Electronic Toll Collection
Electronic toll collection (ETC), an adaptation of military "identification friend or foe" technology, aims to eliminate the delay on toll roads by collecting tolls electronically. ETC determines whether the cars passing are enrolled in the program, alerts enforcers for those that are not, and electronically debits the accounts of registered car owners without requiring them to stop.
In 1959, Nobel Economics Prize winner William Vickrey was the first to propose a system of electronic tolling for the Washington Metropolitan Area. He proposed that each car would be equipped with a transponder. “The transponder’s personalised signal would be picked up when the car passed through an intersection, and then relayed to a central computer which would calculate the charge according to the intersection and the time of day and add it to the car’s bill” Electronic toll collection has facilitated the concession to the private sector of the construction and operation of urban freeways, as well as made feasible the improvement and the practical implementation of road congestion pricing schemes in a limited number of urban areas to restrict auto travel in the most congested areas.
In the 1960s and 1970s, free flow tolling was tested with fixed transponders at the undersides of the vehicles and readers, which were located under the surface of the highway.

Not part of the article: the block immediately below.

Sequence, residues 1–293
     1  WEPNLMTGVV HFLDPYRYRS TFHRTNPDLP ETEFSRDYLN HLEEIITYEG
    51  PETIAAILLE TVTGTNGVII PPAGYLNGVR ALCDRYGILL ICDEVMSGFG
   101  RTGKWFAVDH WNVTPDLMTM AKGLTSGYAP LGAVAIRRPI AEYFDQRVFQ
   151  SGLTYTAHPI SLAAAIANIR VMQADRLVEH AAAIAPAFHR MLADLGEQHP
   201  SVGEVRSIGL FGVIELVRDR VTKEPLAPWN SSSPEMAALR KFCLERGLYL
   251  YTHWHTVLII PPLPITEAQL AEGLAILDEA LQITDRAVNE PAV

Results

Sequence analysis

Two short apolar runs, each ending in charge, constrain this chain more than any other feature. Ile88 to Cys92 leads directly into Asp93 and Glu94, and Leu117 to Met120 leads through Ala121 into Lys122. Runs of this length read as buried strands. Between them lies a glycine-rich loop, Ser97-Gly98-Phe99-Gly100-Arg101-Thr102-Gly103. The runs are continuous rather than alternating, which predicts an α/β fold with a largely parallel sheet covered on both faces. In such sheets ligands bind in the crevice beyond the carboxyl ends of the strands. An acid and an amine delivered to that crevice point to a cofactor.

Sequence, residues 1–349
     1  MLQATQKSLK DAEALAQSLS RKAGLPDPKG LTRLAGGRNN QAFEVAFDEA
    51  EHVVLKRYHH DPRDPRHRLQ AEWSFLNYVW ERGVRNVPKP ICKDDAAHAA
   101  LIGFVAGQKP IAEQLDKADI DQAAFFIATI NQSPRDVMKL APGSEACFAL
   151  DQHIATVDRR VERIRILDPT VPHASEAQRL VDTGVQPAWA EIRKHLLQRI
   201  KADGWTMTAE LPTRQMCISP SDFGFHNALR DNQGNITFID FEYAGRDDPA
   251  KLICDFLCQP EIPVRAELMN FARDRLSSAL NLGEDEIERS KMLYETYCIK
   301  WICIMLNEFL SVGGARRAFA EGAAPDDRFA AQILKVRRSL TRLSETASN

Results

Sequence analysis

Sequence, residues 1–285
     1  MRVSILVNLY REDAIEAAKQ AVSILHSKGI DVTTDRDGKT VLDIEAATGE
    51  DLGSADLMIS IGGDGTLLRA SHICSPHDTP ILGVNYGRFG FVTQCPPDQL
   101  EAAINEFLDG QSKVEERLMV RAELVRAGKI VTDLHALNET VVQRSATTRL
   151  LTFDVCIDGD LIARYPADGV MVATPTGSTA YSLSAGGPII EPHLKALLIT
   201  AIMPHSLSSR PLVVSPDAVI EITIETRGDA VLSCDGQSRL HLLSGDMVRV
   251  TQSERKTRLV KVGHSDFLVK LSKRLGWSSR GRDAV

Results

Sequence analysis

Norway has been the world's pioneer in the widespread implementation of this technology. ETC was first introduced in Bergen, in 1986, operating together with traditional tollbooths. In 1991, Trondheim introduced the world's first use of completely unaided full-speed electronic tolling. Norway now has 25 toll roads operating with electronic fee collection (EFC), as the Norwegian technology is called (see AutoPASS). In 1995, Portugal became the first country to apply a single, universal system to all tolls in the country, the Via Verde, which can also be used in parking lots and gas stations. The United States is another country with widespread use of ETC in several states, though many U.S. toll roads maintain the option of manual collection.
Open road tolling (ORT) is a type of electronic toll collection without the use of toll booths. The major advantage to ORT is that users are able to drive through the toll plaza at highway speeds without having to slow down to pay the toll.
Other articles related to "electronic toll collection, tolls, toll":
... See also Electronic toll collection Traditionally tolls were paid by hand to at a toll gate ... made in cash, by credit card, by pre-paid card, or by an electronic toll collection system ... Three systems of toll roads exist open (with mainline barrier toll plazas) closed (with entry/exit tolls) and open road (no toll booths, only electronic toll collection gantries at entrances and ...
... Electronic toll collection can be a threat to location privacy ... Many implementations are implemented in a privacy-insensitive manner ...
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